Try out these healthy steamed food delicacies of Kerala
First Published 26, Aug 2020, 12:48 PM
Study suggests that steaming is considered to be much superior to other methods of cooking, in terms of taste as well as health
Steam cooking is one of the healthiest methods of cooking. The method introduced by Indians, Chinese and Africans is not followed everywhere in the world. Experts suggest that this process helps retain nutritional value of food.
These steamed snacks from traditional Kerala cuisine are so tasty that you won't be able to stop with one and the best part is that you can have more, that too without any guilt!
Puttu is one of the most popular breakfast dishes of Kerala. A mix of wet rice flour and grated coconut is steamed in a cylindrical shape steamer called puttu maker. Other than rice flour, wheat flour, ragi and semolina are also used to prepare this delicacy. A single piece of puttu contains 64.7 grams of carbohydrates, 4.9 grams of protein and 2.3 grams of dietary fibre.
Idli with sambar and coconut chutney is often considered as the most nutritious Indian breakfast. These soft and fluffy white rice cakes are prepared by steaming a mixed batter of rice and urad dal. Idli fills you up with fewer calories, and a single idli only contains a deliciously healthy 39 calories.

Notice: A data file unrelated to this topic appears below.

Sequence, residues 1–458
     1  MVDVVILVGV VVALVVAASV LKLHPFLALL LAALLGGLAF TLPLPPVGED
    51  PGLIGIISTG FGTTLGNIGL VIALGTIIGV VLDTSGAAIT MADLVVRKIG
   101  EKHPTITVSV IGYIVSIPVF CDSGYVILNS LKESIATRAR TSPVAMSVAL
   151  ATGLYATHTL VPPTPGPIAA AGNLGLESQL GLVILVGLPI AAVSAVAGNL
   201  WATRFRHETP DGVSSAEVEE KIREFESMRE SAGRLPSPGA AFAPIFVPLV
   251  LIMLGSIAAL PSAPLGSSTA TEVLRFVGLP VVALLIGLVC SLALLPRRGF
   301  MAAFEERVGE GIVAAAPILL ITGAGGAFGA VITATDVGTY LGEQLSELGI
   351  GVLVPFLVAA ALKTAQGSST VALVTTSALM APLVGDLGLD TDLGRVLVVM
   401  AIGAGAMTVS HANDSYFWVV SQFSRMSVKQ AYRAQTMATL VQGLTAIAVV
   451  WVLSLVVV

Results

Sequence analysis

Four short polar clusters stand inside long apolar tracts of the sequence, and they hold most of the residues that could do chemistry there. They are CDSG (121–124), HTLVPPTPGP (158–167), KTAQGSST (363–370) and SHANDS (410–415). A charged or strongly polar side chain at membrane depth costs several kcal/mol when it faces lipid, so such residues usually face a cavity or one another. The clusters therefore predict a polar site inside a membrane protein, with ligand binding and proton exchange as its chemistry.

Vattayappam literally means round bread. This fermented, steamed and spongy rice cake is common among the Christian community and is served as both a snack and breakfast. The batter is made by grinding rice and coconut together. It is then fermented by adding yeast and some sugar. Pro tip: To prepare the vattayappam, always steam the batter in a greased plate.
Ila ada is a popular sweet delicacy of Kerala. The traditional evening snack is prepared by steaming the rice flour dough in banana leaf. The dough is first spread over a piece of banana leaf, and later the grated coconut and jaggery mix are liberally smeared across it. The leaf is then folded and steamed to prepare the ada.
The sweet rice flour dumpling filled with a mixture of grated coconut and jaggery is similar to the modak - a snack popular in other parts of India. A plain version without any filling is also a common breakfast dish in Kerala. Palm sugar is used to lend its inherent sweetness to this dish; it is also rich in iron, Vitamin B, Magnesium, and phosphorus.